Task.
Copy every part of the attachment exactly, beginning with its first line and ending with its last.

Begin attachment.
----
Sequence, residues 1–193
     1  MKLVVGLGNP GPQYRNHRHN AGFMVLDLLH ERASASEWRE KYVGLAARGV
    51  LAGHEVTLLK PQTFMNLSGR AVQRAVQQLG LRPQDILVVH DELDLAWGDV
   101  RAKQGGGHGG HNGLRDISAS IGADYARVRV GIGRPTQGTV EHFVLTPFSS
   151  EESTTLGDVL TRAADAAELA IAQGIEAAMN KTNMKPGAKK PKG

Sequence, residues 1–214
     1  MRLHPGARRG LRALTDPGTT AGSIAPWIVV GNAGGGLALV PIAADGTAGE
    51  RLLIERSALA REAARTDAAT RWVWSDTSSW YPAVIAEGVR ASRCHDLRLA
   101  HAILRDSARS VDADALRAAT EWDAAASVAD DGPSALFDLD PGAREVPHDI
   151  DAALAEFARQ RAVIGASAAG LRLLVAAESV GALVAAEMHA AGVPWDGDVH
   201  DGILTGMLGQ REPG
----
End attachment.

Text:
Sequence, residues 1–193
     1  MKLVVGLGNP GPQYRNHRHN AGFMVLDLLH ERASASEWRE KYVGLAARGV
    51  LAGHEVTLLK PQTFMNLSGR AVQRAVQQLG LRPQDILVVH DELDLAWGDV
   101  RAKQGGGHGG HNGLRDISAS IGADYARVRV GIGRPTQGTV EHFVLTPFSS
   151  EESTTLGDVL TRAADAAELA IAQGIEAAMN KTNMKPGAKK PKG

Sequence, residues 1–214
     1  MRLHPGARRG LRALTDPGTT AGSIAPWIVV GNAGGGLALV PIAADGTAGE
    51  RLLIERSALA REAARTDAAT RWVWSDTSSW YPAVIAEGVR ASRCHDLRLA
   101  HAILRDSARS VDADALRAAT EWDAAASVAD DGPSALFDLD PGAREVPHDI
   151  DAALAEFARQ RAVIGASAAG LRLLVAAESV GALVAAEMHA AGVPWDGDVH
   201  DGILTGMLGQ REPG